Looking Back: 1876/1901/1926/1951/1976

125 years ago: The National League adopts its first constitution on February 2, 1876. Although William A. Hulbert of Chicago is the organizing force behind the league, Morgan Bulkeley of Hartford becomes the NL’s first president when his name is chosen by lot. Sixty years later, lazy historians wrongly credit Bulkeley with forming the league. Bulkeley is elected to the Hall of Fame in its second class, while Hulbert’s not inducted until 1995 – 113 years after his death.

100 years ago: Backed by Cleveland coal magnate Charles Somers, Ban Johnson’s American League drops clubs in Buffalo, Indianapolis, Kansas City, and Minneapolis, invades Baltimore, Boston, Philadelphia and Washington, and begins signing away NL players. Of 46 players targeted by the AL, all but one – Honus Wagner – jump to the new major league.

Johnson ensures the loyalty of AL owners by requiring them to place 51% of their stock, as well as their ground leases, into escrow. By contrast, the NL owners are at one another’s throats, divided 4-4 over Giants owner Andrew Freedman’s proposal to reorganize the NL into a single entity, the National Baseball Trust. His Giants would own 30% of the stock, with Freedman’s allies in Cincinnati, St. Louis and Boston receiving 12% each. The four other owners would be diluted into powerlessness: Chicago and Philadelphia would each receive 10% of the new entity, Pittsburgh 8%, and Freedman’s enemies in Brooklyn just 6%.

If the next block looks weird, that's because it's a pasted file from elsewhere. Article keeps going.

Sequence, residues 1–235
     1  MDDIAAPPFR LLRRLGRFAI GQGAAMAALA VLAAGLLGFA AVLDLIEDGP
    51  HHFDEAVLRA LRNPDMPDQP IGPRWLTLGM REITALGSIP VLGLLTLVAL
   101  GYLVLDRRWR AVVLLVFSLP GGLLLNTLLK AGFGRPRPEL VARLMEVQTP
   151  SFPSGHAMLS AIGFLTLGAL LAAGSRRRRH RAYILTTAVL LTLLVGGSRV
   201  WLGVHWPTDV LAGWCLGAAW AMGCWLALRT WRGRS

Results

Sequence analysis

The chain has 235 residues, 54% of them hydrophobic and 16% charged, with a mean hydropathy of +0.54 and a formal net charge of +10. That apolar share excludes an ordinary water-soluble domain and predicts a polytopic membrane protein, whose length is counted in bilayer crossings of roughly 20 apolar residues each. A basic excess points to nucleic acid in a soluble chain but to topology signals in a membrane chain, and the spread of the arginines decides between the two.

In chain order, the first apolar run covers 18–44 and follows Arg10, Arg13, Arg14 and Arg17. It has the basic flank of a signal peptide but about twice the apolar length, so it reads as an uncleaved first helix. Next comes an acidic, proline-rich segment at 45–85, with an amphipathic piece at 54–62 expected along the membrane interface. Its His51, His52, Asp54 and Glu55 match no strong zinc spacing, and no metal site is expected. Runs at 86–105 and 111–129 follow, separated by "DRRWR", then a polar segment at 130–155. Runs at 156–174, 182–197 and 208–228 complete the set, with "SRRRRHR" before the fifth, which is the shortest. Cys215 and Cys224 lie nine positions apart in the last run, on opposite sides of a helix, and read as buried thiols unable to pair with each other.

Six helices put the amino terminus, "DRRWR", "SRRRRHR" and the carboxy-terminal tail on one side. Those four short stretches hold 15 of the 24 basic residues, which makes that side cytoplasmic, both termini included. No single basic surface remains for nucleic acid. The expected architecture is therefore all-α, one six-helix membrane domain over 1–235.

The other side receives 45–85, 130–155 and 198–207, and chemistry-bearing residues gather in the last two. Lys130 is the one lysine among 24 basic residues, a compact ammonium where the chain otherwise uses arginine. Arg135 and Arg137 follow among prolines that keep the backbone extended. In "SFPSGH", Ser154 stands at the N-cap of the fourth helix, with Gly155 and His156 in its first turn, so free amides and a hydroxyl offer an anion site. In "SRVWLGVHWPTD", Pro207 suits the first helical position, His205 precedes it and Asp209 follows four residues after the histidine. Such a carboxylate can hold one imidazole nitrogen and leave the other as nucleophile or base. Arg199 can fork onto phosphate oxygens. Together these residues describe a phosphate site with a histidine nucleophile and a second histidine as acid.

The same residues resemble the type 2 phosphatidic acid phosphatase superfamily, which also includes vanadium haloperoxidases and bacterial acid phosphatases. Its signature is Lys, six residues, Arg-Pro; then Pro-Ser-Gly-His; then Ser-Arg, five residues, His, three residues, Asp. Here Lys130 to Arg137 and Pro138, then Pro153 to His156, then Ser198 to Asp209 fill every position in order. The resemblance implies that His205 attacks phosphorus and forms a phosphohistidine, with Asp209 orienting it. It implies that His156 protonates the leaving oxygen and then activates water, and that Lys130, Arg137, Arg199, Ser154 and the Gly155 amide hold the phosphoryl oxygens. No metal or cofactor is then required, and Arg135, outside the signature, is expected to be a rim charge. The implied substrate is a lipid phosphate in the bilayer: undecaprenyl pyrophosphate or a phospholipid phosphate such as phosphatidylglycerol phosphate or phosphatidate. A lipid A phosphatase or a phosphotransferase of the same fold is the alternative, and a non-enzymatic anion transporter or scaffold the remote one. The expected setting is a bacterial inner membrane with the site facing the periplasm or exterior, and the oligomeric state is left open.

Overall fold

The anti-Freedman forces unite behind Al Spalding, a pitcher turned sporting goods magnate, as their candidate for NL president. Spalding blasts Freedman as “the biggest fool that has ever broken into base ball ... [he] has done base ball more injury the past four years than any four evil influences combined have ever done to it in the entire history of the game." Freedman’s group favors incumbent Nick Young. At the NL’s annual meeting on Friday, December 13, 25 ballots for president fail to break the deadlock. When Freedman’s group leaves for the night at 1 AM without a formal motion to adjourn, Col. John Rogers of Pennsylvania declares “once a quorum, always a quorum,” and the remaining owners “elect” Spalding President. Two hours later, Spalding wakes Nick Young to demand the NL records. Young objects, but Spalding spirits them out of his hotel room.